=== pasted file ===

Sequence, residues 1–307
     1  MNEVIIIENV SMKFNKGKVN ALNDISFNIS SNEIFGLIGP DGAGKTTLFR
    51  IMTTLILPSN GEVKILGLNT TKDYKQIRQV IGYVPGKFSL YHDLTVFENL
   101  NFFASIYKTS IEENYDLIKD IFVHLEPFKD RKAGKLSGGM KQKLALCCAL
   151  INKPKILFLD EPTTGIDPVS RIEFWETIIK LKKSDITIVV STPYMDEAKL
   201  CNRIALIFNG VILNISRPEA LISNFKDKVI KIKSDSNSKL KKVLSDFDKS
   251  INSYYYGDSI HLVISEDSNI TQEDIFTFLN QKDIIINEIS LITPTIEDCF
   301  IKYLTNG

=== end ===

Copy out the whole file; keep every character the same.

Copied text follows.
Sequence, residues 1–307
     1  MNEVIIIENV SMKFNKGKVN ALNDISFNIS SNEIFGLIGP DGAGKTTLFR
    51  IMTTLILPSN GEVKILGLNT TKDYKQIRQV IGYVPGKFSL YHDLTVFENL
   101  NFFASIYKTS IEENYDLIKD IFVHLEPFKD RKAGKLSGGM KQKLALCCAL
   151  INKPKILFLD EPTTGIDPVS RIEFWETIIK LKKSDITIVV STPYMDEAKL
   201  CNRIALIFNG VILNISRPEA LISNFKDKVI KIKSDSNSKL KKVLSDFDKS
   251  INSYYYGDSI HLVISEDSNI TQEDIFTFLN QKDIIINEIS LITPTIEDCF
   301  IKYLTNG